I question whether the ethical standard-bearer described in Mr. Horton’s article would in fact have done what Mr. Obama actually did by giving in to G.O.P, demands for telecom immunity after the fact, and for approving continued warrantless eavesdropping at the Government’s own pleasure. Mr. Obama’s relationship with God is his own affair. His selling out on the FISA measure is a matter of public record.
From: Darius Greene
Subject: “That New Yorker Cover,” by Ken Silverstein
I think the New Yorker cover featuring a caricature of Obama is not only obvious satire but a rather great example of it. Although I could be wrong, I would think something like this would actually deter the G.O.P. from possibly taking such laughable positions–terrorist fist-jabs and the like.
And I’d like to disagree with Mr. Sanders that liberals are solidly sold on Obama. I was never a Clinton supporter, and I surely hope Obama wins over McCain, but perhaps a good liberal, or just a good thinker in general, should never be “solidly sold” on any politician. I would say the same for Bush supporters who might have actually believed his “less-government,” “compassionate” approach before 2000.
It seems from even the past months your readership, by the letters I’ve read, are afraid of you finding out anything bad about Obama, which is understandable perhaps given the importance of the forthcoming election–but then that’s exactly the point. These times are too important to give anyone a free ride into that office. And not wanting to hear anything negative, or allowing oneself to become upset over satire, is to live in a bubble of dreams that is forever in danger of being popped.
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I recently spent a semester teaching writing at an elite liberal-arts college. At strategic points around the campus, in shades of yellow and green, banners displayed the following pair of texts. The first was attributed to the college’s founder, which dates it to the 1920s. The second was extracted from the latest version of the institution’s mission statement:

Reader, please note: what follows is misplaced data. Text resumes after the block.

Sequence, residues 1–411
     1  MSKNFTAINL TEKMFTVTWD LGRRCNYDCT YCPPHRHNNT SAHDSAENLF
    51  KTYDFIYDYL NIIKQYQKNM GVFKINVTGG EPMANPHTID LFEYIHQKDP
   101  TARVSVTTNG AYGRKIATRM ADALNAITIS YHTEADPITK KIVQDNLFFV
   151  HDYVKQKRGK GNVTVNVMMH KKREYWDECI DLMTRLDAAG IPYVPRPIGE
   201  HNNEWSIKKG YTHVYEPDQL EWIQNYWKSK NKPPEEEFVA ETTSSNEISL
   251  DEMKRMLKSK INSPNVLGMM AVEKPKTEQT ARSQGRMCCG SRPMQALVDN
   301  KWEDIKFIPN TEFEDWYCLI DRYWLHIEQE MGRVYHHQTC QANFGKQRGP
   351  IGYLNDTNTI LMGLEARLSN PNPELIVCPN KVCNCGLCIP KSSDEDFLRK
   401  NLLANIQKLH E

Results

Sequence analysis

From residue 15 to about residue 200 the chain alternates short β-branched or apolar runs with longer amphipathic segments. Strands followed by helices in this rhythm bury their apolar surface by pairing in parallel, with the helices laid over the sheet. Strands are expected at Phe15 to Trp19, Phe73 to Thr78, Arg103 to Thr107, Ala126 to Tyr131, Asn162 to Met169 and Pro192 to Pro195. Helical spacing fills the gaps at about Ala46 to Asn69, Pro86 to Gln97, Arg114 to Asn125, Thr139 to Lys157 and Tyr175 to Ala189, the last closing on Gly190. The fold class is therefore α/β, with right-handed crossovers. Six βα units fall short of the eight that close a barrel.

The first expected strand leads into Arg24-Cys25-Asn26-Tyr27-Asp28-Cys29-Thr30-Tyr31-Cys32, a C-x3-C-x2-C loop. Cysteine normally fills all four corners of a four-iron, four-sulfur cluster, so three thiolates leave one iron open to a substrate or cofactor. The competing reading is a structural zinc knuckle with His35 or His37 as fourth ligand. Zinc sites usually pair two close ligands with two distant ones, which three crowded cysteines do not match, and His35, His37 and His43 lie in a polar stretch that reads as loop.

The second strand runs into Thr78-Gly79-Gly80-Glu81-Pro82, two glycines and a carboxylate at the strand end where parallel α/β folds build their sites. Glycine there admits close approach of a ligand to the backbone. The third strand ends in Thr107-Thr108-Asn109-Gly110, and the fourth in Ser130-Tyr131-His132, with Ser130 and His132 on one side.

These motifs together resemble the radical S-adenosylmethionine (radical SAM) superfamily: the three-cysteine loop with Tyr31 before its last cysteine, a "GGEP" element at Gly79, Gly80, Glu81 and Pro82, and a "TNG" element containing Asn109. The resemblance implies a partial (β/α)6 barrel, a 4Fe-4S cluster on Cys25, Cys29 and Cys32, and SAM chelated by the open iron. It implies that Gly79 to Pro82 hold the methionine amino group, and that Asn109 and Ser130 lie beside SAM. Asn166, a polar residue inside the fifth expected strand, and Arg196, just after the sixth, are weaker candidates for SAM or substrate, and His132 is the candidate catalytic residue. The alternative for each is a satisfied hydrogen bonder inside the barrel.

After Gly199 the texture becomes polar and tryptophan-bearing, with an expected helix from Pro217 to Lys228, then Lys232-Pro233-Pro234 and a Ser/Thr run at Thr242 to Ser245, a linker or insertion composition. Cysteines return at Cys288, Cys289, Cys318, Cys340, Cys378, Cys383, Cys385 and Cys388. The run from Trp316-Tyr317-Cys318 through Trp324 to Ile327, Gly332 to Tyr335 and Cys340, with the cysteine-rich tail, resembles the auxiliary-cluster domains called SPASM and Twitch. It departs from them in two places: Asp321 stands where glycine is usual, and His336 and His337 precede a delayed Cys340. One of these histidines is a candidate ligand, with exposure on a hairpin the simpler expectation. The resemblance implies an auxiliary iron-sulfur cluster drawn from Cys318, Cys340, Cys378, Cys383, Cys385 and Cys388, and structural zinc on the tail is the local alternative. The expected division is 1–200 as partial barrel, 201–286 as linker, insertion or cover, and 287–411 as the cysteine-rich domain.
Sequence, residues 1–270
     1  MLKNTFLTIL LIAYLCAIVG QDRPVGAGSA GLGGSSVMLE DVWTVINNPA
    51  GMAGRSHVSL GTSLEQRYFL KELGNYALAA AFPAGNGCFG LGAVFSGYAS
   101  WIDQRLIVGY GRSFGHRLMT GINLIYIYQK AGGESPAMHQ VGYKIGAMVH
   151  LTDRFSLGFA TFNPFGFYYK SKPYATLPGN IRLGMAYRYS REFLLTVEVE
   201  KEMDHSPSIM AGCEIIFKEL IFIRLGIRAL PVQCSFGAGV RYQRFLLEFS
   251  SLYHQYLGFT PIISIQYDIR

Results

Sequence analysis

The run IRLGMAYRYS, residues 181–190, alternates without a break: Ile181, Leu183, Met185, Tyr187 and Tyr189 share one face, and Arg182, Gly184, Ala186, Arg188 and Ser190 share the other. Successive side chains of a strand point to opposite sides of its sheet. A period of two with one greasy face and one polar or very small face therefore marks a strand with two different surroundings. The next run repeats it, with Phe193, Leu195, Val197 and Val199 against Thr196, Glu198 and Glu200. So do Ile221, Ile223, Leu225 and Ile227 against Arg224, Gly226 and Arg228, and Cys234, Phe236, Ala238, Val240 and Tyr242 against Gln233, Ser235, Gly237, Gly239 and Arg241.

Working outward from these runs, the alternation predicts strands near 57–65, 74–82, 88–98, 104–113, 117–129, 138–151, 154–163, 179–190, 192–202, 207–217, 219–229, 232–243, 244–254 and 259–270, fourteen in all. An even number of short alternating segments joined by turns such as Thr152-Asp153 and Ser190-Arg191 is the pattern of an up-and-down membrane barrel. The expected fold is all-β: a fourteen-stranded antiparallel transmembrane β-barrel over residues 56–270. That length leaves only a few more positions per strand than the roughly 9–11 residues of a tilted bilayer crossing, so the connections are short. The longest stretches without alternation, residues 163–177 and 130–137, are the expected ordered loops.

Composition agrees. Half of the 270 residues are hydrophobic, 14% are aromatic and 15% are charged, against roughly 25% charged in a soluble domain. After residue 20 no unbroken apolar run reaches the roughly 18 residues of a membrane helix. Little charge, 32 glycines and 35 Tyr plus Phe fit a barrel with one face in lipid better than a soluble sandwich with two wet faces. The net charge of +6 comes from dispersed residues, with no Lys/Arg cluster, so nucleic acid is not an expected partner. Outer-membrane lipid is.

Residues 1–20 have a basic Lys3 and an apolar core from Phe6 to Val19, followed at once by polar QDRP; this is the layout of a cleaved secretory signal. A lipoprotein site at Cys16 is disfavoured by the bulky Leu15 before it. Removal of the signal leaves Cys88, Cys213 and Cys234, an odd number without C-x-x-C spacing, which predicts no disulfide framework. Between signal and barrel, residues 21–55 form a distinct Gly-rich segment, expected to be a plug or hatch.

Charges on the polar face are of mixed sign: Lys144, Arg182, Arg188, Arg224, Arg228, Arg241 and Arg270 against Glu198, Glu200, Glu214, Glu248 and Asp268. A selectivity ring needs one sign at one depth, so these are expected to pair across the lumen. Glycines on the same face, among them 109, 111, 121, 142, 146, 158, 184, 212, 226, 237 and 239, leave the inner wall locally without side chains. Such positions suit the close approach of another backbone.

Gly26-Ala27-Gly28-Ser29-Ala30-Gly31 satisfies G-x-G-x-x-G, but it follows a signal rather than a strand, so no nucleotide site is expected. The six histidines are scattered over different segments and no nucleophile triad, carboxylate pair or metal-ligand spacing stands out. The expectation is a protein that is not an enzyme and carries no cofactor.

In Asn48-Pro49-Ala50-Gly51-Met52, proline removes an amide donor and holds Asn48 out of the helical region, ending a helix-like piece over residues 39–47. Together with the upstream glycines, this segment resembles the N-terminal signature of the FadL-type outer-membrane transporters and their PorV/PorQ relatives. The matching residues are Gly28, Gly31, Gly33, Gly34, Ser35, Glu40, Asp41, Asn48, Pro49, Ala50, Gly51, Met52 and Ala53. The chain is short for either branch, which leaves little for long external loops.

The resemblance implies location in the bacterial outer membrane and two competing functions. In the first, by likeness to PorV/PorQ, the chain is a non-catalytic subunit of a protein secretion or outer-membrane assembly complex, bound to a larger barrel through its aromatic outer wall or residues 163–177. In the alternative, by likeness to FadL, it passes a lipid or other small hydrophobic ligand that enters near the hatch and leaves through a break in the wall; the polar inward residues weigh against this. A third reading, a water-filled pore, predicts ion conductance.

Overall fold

The paramount obligation of a college is to develop in its students the ability to think clearly and independently, and the ability to live confidently, courageously, and hopefully.
Let us take a moment to compare these texts. The first thing to observe about the older one is that it is a sentence. It expresses an idea by placing concepts in relation to one another within the kind of structure that we call a syntax. It is, moreover, highly wrought: a parallel structure underscored by repetition, five adverbs balanced two against three.
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An Australian entrepreneur was selling oysters raised in tanks laced with Viagra.
A naked man believed to be under the influence of LSD rammed his pickup truck into two police cars.
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“Shelby is waiting for something. He himself does not know what it is. When it comes he will either go back into the world from which he came, or sink out of sight in the morass of alcoholism or despair that has engulfed other vagrants.”